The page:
Anarchy, violence and corruption – a civil war has been rampaging Somalia for more than two decades. On top of this, the country has been experiencing a severe famine. The people living there are currently suffering one of the worst droughts of the past 60 years. Our team left for Mogadishu in August. The Somalian capital is known as one of the most dangerous places in the world. Only very few foreign aid workers risk coming here. There are no government structures and since the interim government is effectively powerless the country is being governed by rivalling clans. Too many heavily armed men can be seen on the streets. According to Volker Rath, a Cap Anamur logistics specialist who has helped establish this aid project, his impressions are: „The city is not safe. But still, thousands of people come here hoping to find something to eat and medical care. They hope for support from the supposed government as well as from the wealthy people in this world.“
There are no known numbers as to how many of the Somalian refugees die on their arduous journey to Mogadishu. Most of them walk at night, under the cover of darkness, for hours, days or even weeks on end. Once they finally arrive, they find the entryways to the capital blocked by rebels. The ones that nevertheless manage to get through are then brought to already overcrowded makeshift refugee camps. Mr. Rath talked to many refugees on his evaluation visit. He particularly remembers one mother who set out on her way to Mogadishu with her five children, arriving in the city with only two of them. The other three had died on the way.
Since the beginning of August, Cap Anamur has been helping in Benadir Hospital, situated in the almost completely destroyed capital, working in the four pediatric units. Luckily, within only a few days, several of our staff members with crisis experience volunteered and were able to travel to Somalia on short notice. Furthermore, we were able to organize the transport of medical supplies from neighbouring Kenya within days as well. Despite her experiences in Angola and Liberia, 34-year old nurse Yasmin Hiller is shocked by the situation at the hospital. Unfortunately, the fight for the lives of her little patients is not always successful. „I have seen so many dead children, it is enough for several lifetimes.“, she says. „The children suffer from malnutrition, they are dehydrated, their immune system is weakend. Getting malaria or the measles in addition to this is simply too much.“
Each day there are about 100 newly admitted patients whose treatment cannot be postponed. The pediatric unit, which comprises 220 beds, has nowhere near enough space, even though each bed is shared by two children. „Due to the lack of space we try to treat the less severe cases via outpatient care“ says Cap Anamur physician Dr. Markus Hohlweck. „Additionally we have tents that can house up to 50 patients.“ With the help of our donors we were able to set up an intensive care unit in which at least some of the most critical cases can be continuously monitored. The high need for antibiotics, infusions and other materials already necessitated further transports from Nairobi.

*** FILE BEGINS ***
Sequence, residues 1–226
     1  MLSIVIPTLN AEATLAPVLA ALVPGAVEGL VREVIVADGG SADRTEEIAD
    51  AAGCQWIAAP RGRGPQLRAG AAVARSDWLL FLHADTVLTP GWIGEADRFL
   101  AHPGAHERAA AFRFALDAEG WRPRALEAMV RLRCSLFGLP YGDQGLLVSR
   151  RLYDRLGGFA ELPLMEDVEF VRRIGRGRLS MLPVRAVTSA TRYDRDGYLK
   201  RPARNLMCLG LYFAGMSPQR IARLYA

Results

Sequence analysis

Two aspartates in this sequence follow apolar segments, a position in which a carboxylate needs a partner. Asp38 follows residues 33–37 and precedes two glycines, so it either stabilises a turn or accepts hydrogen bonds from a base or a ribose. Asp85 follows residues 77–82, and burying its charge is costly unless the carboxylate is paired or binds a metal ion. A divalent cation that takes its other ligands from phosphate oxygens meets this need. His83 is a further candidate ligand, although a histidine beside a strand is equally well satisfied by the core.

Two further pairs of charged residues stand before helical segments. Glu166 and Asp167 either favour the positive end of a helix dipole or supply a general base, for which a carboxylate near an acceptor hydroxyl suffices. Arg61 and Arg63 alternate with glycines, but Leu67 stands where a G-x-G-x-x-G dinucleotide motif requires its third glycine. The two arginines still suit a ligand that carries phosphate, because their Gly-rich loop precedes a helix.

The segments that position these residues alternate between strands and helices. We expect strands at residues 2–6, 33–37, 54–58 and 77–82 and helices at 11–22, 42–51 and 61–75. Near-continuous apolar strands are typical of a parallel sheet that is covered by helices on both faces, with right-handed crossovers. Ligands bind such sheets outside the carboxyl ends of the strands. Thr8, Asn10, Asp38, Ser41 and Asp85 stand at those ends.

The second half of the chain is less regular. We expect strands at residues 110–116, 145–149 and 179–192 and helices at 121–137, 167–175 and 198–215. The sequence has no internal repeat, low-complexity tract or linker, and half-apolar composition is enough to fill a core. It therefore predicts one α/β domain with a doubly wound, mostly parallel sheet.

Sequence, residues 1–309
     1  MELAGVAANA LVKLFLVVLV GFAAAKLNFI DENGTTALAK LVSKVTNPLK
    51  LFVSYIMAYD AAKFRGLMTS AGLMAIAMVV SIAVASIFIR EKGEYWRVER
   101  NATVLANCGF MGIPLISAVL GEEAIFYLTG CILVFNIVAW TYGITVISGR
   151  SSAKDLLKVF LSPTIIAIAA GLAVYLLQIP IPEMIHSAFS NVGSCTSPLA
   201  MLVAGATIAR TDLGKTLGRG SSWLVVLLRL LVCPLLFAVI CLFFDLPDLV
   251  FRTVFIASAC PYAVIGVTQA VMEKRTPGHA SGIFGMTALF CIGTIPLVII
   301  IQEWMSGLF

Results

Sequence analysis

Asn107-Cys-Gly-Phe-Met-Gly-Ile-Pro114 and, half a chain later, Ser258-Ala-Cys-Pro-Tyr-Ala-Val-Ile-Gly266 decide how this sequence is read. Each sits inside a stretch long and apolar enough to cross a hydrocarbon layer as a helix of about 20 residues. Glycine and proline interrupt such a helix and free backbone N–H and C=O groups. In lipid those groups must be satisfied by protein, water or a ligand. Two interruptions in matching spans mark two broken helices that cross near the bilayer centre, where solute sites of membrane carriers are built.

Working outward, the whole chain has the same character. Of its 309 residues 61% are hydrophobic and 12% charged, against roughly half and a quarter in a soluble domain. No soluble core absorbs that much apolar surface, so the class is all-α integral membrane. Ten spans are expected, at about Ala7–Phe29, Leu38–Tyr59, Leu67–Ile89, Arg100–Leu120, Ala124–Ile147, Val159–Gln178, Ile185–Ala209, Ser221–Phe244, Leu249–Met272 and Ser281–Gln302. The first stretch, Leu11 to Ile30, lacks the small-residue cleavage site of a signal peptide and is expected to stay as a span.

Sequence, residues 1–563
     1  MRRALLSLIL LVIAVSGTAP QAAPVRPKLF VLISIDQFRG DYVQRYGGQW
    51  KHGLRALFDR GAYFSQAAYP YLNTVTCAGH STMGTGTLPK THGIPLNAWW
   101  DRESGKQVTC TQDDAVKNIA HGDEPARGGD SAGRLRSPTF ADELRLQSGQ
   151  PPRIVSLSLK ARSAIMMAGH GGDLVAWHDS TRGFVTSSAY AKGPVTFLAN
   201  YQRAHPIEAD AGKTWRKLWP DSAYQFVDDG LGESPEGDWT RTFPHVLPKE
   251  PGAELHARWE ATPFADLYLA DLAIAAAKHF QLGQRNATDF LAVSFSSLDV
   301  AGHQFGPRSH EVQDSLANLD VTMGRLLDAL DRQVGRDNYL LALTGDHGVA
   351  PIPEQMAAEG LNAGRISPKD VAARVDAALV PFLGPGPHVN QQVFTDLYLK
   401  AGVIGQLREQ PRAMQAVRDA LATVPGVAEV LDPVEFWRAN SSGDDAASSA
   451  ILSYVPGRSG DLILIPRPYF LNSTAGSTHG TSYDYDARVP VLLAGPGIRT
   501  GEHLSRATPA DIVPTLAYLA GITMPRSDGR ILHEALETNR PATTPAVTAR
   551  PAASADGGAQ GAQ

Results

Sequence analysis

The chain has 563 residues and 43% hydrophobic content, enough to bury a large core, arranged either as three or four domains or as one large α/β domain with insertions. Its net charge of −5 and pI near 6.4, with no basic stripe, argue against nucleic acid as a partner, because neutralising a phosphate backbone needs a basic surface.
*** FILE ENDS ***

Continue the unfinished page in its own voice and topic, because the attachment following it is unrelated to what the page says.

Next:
However, the highest strain for our aid workers consists in the sheer number of patients, which is almost impossible to handle, leading to our team working up to the point of exhaustion. For security reasons, the aid workers live on hospital premises, thus being easily approachable. „The premises are being monitored by a security firm, but still, there are no guarantees“, says Volker Rath. „We notice the fighting flaring up time and again with great respect, since this effectively minimises our mobility within Mogadishu. We were shocked by the attack with over 100 casualties at the beginning of October. Simultaneously, events like these support the importance of our mission: we want to show those in need that there are people here helping them on-site without bureaucratic hurdles.
Somalia – a failed state
Since the overthrow of the authoritarian regime in 1991, civil war has been waging in Somalia. The internationally recognized interim government only controls a small part of the disintegrated country, there is no functioning national government. Instead, the country is in the hands of warlords, local clans and radically islamistic groups, that use the people’s hunger as an instrument of power.
Due to the fighting becoming more intensive once more, possibilities for foreign humanitarian aid continue to become worse and worse. The country is at peril of being even further engulfed in a permantent humanitarian crisis. Cap Anamur has been helping in Somalia with two missions already, from 1980 until 1994 and 1999 until 2001, respectively.